Control the Weight

Throwing, tossing, cheating up the resistance produces force, due to the speed of the movement, that in some cases (especially if very heavy weights are being used), can exceed the ability of either the involved connective tissue and/or muscle tissue. This could result in injury, obviously. 

Throwing the weight means that one's body position changes as the resistance moves through its range of motion. Note: Remember that you can, by the way you position your body through the exercise's range of motion, make any exercise 'easier' or 'harder' and focus more or less of the stress on specific muscles. So, the muscle(s) that the particular exercise purports to work may not be working, and certainly won't be working as efficiently as possible, if you are throwing, tossing or cheating up the weight.

By making shifts and changes to the body's position, the angle at which the moving joint should be working may be altered, and that reduces the effectiveness and safety of the exercise. 

For example, in the barbell curl, when one swings the bar by extending the low back and hips - perhaps bending at the knees and quickly extending the thighs, and bobbing the head back and forth until the weight comes to the completed position- the lumbar spine is endangered; the shoulder joints are endangered; the elbow joints are endangered. The angle at which the curl should have taken place is altered - usually not to the trainee's advantage. Thus, the biceps and other forearm flexors do not get the work they should have benefited from, and of course, other vulnerable areas are exposed to an increased risk of injury.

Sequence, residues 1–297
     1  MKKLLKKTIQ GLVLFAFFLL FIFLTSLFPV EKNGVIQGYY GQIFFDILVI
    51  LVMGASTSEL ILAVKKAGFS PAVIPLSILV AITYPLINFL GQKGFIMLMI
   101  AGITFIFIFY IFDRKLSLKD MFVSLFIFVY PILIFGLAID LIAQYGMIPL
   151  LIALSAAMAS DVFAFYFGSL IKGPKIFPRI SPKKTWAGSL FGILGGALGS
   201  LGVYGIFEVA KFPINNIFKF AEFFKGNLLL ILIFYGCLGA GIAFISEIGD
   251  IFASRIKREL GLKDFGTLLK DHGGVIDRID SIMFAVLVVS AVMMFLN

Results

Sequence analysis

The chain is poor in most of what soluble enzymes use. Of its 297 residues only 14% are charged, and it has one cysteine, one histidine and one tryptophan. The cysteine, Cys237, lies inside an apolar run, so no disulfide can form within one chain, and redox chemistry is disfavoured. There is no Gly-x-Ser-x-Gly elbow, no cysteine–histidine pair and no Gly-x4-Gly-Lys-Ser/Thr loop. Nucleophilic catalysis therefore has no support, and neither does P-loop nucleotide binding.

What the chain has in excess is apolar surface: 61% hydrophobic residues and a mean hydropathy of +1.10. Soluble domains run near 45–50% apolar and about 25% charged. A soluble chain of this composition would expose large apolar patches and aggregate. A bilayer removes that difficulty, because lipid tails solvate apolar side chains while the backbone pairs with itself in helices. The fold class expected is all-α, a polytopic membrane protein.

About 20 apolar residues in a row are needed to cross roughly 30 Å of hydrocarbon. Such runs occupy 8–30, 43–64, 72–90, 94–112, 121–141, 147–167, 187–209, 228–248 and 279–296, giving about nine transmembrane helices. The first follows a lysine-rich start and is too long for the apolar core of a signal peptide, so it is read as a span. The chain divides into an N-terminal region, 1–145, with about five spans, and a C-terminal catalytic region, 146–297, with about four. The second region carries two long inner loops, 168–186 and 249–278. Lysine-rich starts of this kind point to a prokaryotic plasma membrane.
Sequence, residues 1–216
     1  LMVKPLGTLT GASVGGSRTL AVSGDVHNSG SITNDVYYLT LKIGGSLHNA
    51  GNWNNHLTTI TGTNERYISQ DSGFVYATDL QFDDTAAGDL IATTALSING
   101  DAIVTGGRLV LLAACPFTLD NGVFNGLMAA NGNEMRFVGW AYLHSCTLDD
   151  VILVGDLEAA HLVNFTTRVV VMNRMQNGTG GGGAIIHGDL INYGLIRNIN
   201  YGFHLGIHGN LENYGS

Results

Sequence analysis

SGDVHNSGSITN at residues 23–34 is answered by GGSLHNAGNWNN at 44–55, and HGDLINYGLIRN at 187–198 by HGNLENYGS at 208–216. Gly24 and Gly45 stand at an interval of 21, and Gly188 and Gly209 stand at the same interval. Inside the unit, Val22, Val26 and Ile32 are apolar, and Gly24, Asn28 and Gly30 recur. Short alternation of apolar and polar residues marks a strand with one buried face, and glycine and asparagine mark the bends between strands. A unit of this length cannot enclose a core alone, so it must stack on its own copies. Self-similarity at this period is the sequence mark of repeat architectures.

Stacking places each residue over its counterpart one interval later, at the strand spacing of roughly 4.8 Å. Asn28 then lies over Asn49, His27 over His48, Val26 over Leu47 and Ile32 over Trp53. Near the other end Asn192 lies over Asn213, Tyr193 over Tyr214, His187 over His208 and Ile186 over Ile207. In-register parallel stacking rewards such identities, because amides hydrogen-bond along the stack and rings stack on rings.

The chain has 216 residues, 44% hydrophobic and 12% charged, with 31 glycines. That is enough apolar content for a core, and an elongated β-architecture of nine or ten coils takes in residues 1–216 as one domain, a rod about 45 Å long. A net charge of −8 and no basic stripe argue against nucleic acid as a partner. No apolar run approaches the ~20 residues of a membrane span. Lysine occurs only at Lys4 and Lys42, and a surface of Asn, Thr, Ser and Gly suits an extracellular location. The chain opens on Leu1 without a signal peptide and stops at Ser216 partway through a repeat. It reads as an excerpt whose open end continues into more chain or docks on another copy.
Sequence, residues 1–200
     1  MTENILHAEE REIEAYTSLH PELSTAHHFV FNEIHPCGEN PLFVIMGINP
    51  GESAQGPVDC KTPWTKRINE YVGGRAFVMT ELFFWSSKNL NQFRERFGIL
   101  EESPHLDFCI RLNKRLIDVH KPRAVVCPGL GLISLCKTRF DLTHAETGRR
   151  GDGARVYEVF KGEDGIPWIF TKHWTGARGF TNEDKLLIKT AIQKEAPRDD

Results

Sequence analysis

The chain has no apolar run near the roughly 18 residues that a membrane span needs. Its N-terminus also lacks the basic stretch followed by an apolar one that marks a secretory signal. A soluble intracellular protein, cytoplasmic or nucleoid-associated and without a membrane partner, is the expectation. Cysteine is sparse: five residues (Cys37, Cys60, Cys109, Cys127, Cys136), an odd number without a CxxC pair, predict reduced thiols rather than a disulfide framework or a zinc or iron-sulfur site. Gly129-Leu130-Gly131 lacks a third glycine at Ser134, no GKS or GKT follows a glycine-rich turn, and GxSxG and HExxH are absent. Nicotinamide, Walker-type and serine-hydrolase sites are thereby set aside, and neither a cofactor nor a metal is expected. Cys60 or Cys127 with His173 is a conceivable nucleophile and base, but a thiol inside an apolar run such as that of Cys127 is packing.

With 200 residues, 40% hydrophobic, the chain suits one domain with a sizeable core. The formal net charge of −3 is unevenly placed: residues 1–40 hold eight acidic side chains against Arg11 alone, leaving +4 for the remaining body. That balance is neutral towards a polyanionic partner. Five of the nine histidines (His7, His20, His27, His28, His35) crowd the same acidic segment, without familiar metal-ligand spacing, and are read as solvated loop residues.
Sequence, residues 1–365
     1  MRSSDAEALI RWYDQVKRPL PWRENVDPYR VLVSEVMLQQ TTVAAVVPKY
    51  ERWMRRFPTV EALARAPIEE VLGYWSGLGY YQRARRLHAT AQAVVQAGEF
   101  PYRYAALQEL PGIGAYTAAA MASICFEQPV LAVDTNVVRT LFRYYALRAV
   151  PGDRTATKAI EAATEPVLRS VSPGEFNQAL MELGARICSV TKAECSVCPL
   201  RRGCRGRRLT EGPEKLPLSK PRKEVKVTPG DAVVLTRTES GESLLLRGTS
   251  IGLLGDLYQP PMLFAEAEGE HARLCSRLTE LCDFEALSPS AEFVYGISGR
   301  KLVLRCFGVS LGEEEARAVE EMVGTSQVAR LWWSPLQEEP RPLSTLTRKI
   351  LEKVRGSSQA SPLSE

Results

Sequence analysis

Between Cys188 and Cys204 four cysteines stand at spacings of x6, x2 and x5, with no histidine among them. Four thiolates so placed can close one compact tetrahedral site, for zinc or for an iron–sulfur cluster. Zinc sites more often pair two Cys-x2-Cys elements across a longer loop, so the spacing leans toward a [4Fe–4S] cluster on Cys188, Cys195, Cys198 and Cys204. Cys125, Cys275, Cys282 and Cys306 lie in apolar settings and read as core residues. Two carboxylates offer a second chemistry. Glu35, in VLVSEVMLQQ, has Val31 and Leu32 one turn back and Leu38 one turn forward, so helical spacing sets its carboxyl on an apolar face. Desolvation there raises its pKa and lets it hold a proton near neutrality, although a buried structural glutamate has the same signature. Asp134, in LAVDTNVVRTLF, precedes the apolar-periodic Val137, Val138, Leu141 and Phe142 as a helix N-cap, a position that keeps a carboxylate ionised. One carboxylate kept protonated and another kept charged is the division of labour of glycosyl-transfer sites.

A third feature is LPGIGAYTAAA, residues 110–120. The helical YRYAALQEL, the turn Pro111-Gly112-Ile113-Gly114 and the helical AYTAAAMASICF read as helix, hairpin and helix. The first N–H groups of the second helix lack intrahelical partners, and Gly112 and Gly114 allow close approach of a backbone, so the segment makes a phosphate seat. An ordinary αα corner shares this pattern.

Note: Now consider for a moment the opposite of a 'cheating' series of body placements in the barbell curl. With the arms fully extended and the bar in the beginning position, try leaning the body back slightly (the opposite of leaning forward to cheat up the weight). As the bar is raised, gradually lean the upper body forward at the hips/waist, until at the top/completion of the curl the body is slightly bent over to produce a stronger contraction on the biceps. Quite a difference, quite a huge difference there! 

For the sake of muscle growth stimulation, little tension is produced when momentum elevates the weight. Force plate studies have indicated that when a weight is literally thrown, the speed of movement of the bar may exceed that of the muscular contraction. Thus, the weight moves, the involved body part moves, and the contracting muscle has to "catch up" to the moving bone(s) - resulting in the production of little or not tension within that muscle or muscles throughout part or most of the movement. This is not an efficient way to stimulate growth.